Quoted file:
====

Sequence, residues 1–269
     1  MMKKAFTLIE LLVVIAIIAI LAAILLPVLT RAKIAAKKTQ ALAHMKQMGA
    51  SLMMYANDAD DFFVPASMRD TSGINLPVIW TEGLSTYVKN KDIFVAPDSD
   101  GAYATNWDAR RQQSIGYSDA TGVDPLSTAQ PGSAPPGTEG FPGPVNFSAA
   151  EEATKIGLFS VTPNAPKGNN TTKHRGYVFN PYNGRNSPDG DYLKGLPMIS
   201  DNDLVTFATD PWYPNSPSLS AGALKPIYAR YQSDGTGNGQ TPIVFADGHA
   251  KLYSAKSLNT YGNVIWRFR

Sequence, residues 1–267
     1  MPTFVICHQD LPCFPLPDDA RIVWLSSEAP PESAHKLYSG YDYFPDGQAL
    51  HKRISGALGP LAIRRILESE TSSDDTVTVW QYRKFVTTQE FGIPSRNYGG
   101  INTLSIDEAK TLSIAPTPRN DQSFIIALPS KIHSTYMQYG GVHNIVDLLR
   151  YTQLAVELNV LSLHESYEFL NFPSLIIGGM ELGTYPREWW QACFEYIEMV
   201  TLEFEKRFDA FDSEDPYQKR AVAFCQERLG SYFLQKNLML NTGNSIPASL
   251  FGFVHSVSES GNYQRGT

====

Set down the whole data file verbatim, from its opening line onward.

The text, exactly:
Sequence, residues 1–269
     1  MMKKAFTLIE LLVVIAIIAI LAAILLPVLT RAKIAAKKTQ ALAHMKQMGA
    51  SLMMYANDAD DFFVPASMRD TSGINLPVIW TEGLSTYVKN KDIFVAPDSD
   101  GAYATNWDAR RQQSIGYSDA TGVDPLSTAQ PGSAPPGTEG FPGPVNFSAA
   151  EEATKIGLFS VTPNAPKGNN TTKHRGYVFN PYNGRNSPDG DYLKGLPMIS
   201  DNDLVTFATD PWYPNSPSLS AGALKPIYAR YQSDGTGNGQ TPIVFADGHA
   251  KLYSAKSLNT YGNVIWRFR

Sequence, residues 1–267
     1  MPTFVICHQD LPCFPLPDDA RIVWLSSEAP PESAHKLYSG YDYFPDGQAL
    51  HKRISGALGP LAIRRILESE TSSDDTVTVW QYRKFVTTQE FGIPSRNYGG
   101  INTLSIDEAK TLSIAPTPRN DQSFIIALPS KIHSTYMQYG GVHNIVDLLR
   151  YTQLAVELNV LSLHESYEFL NFPSLIIGGM ELGTYPREWW QACFEYIEMV
   201  TLEFEKRFDA FDSEDPYQKR AVAFCQERLG SYFLQKNLML NTGNSIPASL
   251  FGFVHSVSES GNYQRGT